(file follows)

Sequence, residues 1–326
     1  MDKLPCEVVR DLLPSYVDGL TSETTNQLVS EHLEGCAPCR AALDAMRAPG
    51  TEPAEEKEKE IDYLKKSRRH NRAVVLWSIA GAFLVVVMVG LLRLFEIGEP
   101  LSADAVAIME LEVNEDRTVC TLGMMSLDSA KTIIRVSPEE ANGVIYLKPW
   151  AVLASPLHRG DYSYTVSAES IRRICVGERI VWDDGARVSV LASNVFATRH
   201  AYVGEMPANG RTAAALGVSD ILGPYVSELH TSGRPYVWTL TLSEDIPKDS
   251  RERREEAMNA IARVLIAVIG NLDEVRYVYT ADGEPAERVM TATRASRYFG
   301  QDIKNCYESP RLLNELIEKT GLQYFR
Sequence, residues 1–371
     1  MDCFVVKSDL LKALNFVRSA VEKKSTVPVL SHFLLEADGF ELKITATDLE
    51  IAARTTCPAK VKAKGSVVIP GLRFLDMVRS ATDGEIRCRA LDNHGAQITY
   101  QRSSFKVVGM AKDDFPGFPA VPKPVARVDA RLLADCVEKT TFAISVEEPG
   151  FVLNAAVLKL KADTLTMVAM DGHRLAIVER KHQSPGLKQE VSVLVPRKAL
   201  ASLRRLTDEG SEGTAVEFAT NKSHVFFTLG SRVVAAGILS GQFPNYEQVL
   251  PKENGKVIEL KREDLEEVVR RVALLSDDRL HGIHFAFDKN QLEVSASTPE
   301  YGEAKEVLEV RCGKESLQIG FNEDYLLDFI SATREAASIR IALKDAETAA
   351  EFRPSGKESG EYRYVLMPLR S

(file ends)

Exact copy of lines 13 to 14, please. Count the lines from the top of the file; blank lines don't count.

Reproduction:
   151  FVLNAAVLKL KADTLTMVAM DGHRLAIVER KHQSPGLKQE VSVLVPRKAL
   201  ASLRRLTDEG SEGTAVEFAT NKSHVFFTLG SRVVAAGILS GQFPNYEQVL